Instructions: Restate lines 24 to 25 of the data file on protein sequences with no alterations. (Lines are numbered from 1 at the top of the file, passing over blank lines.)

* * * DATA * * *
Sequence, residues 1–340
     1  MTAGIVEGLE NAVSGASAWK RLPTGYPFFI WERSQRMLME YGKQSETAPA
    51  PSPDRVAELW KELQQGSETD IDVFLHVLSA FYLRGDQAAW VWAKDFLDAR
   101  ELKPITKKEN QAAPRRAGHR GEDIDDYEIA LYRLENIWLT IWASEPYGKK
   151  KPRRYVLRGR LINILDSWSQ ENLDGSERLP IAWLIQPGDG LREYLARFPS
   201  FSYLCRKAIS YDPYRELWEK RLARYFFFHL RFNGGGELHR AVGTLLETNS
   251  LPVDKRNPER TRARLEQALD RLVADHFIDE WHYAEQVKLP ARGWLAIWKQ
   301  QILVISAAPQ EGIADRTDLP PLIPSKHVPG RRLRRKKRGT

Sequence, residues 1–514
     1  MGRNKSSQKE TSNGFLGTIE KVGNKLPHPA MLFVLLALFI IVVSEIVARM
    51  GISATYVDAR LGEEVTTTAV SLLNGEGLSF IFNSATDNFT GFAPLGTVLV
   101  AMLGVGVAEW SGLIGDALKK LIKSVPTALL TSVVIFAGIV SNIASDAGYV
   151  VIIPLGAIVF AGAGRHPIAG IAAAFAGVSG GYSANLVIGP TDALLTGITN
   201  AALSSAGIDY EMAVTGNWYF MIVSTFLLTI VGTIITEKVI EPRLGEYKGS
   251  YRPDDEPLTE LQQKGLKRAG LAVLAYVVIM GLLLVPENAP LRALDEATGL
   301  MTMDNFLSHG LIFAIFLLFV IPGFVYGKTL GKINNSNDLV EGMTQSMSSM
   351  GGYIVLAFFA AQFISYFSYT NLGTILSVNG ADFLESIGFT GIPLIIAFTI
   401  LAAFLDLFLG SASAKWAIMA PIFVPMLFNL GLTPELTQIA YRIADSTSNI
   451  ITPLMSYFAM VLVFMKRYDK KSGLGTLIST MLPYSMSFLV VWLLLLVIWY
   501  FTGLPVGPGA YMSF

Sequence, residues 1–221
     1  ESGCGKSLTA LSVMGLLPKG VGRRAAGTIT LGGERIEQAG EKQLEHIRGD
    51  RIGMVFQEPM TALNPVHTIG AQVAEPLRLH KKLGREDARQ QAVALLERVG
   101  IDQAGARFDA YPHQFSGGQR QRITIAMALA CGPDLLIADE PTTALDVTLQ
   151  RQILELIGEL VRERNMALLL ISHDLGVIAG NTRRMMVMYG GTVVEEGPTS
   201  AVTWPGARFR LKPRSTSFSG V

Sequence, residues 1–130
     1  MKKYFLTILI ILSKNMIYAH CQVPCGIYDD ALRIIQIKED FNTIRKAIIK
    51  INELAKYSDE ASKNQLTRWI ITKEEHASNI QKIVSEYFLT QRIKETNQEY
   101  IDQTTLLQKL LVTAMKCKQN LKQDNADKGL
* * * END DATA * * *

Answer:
   101  IDQAGARFDA YPHQFSGGQR QRITIAMALA CGPDLLIADE PTTALDVTLQ
   151  RQILELIGEL VRERNMALLL ISHDLGVIAG NTRRMMVMYG GTVVEEGPTS